The Surrogate's Court properly denied the cross motion. “ ‘The doctrine of laches is an equitable doctrine which bars the enforcement of a right where there has been an unreasonable and inexcusable delay that results in prejudice to a party’ ” (Markell v. Markell, 91 AD3d 832, 834, quoting Skrodelis v. Norbergs, 272 A.D.2d 316, 316). While Holbrook has been prejudiced in her defense by the death of the decedent, in view of the short time period between James's death and the decedent's unexpected death seven months later, the petition seeking to impose a constructive trust is not barred by the doctrine of laches.
Further, the petition seeking to impose a constructive trust adequately states a cause of action to impose a constructive trust on the proceeds of the Oppenheimer Funds IRA. “The usual elements of a constructive trust are ‘(1) a confidential or fiduciary relation[ship], (2) a promise, (3) a transfer in reliance thereon and (4) unjust enrichment’ ” (Cruz v. McAneney, 31 AD3d 54, 59, quoting Sharp v. Kosmalski, 40 N.Y.2d 119, 121; see Quadrozzi v. Estate of Quadrozzi, 99 AD3d 688, 691; Byrd v. Brown, 208 A.D.2d 582, 582–583). However, these factors “are not an ‘unyielding formula which limits a court's freedom to fashion this equitable remedy’ and the requirements are not to be rigidly applied” (Byrd v. Brown, 208 A.D.2d at 583, quoting Bontecou v. Goldman, 103 A.D.2d 732, 733; see Simonds v. Simonds, 45 N.Y.2d 233, 241). Thus, a constructive trust “will be erected whenever necessary to satisfy the demands of justice” (Latham v. Father Divine, 299 N.Y. 22, 27).
Here, the marital relationship between James and the decedent provides the necessary confidential relationship (see Brazil v. Brazil, 235 A.D.2d 611, 614; Jacobs v. Abramoff, 148 A.D.2d 497, 498). The petitioners have sufficiently alleged a promise by the decedent, a change in beneficiary of the Oppenheimer Funds IRA to the decedent in reliance upon that promise, and the decedent's, and then Holbrook's, unjust enrichment therefrom. Contrary to Holbrook's contention, the petitioners possessed a sufficient interest as the previously designated beneficiaries of the Oppenheimer Funds IRA to seek to impose a constructive trust on the proceeds (see Oakes v. Muka, 69 AD3d 1139).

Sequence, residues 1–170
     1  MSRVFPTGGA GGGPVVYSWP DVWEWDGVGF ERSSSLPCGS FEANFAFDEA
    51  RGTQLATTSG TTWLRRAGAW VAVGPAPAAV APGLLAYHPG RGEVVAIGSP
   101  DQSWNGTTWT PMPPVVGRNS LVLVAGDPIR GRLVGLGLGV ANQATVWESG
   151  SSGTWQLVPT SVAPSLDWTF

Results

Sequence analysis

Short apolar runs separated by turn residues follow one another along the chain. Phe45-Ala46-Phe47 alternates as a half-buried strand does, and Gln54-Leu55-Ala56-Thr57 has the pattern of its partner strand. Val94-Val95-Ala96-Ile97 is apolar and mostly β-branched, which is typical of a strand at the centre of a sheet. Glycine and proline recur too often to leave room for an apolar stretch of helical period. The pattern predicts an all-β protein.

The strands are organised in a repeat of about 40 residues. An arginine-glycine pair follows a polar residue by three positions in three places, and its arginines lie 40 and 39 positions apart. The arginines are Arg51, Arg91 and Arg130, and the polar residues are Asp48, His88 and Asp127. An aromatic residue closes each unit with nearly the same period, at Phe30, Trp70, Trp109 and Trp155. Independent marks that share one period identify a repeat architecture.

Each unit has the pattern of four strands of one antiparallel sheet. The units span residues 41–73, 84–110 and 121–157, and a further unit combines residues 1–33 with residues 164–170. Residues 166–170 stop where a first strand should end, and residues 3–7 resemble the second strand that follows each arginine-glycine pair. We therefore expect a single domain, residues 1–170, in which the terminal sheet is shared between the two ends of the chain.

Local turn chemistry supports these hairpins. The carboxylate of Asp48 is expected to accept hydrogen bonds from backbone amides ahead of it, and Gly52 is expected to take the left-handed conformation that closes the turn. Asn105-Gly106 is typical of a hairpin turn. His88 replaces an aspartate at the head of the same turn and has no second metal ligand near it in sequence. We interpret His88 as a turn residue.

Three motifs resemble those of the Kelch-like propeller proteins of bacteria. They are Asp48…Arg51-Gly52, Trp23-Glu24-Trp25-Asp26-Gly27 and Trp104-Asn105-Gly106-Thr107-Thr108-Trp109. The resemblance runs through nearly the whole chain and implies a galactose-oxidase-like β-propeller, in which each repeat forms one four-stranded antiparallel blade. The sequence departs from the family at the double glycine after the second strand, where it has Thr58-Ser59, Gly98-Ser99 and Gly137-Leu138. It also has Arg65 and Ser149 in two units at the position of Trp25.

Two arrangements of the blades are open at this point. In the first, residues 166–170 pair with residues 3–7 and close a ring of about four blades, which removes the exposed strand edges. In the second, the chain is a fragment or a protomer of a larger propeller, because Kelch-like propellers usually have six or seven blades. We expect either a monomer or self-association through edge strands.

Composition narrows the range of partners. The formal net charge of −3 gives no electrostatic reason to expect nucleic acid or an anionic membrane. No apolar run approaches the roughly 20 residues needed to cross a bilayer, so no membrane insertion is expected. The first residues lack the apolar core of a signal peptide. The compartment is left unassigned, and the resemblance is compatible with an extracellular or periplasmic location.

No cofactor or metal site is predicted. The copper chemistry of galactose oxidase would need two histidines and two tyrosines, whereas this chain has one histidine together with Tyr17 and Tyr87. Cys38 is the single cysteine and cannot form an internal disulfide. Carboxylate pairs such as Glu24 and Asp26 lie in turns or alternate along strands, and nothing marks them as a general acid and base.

Insofar as the cross motion sought summary judgment on the merits, even assuming that Holbrook met her prima facie burden (see Winegrad v. New York Univ. Med. Ctr., 64 N.Y.2d 851, 853), the petitioners raised a triable issue of fact sufficient to withstand summary judgment by submitting the affidavit of Raymond Donnelly, James's financial planner since 1996 until his death, in which Donnelly avers knowledge of an oral agreement between James and the decedent based, in part, upon the decedent's acknowledgment thereof in Donnelly's presence. “It is not the court's function on a motion for summary judgment to assess credibility” (Ferrante v. American Lung Assn., 90 N.Y.2d 623, 631; see Silva v. FC Beekman Assoc., LLC, 92 AD3d 754, 756).
The Surrogate's Court providently exercised its discretion in declining to impose sanctions upon Patricia Harold, as Holbrook failed to demonstrate that Patricia Harold's conduct was frivolous within the meaning of 22 NYCRR 130–1.1(c) (see Merkos L'Inyonei Chinuch, Inc. v Sharf, 84 AD3d 1185, 1187; Kaplon–Belo Assoc., Inc. v. D'Angelo, 79 AD3d 931, 931).
Holbrook's remaining contention is without merit.
AUSTIN, J.P., SGROI, COHEN and HINDS–RADIX, JJ., concur.
Clerk of the Court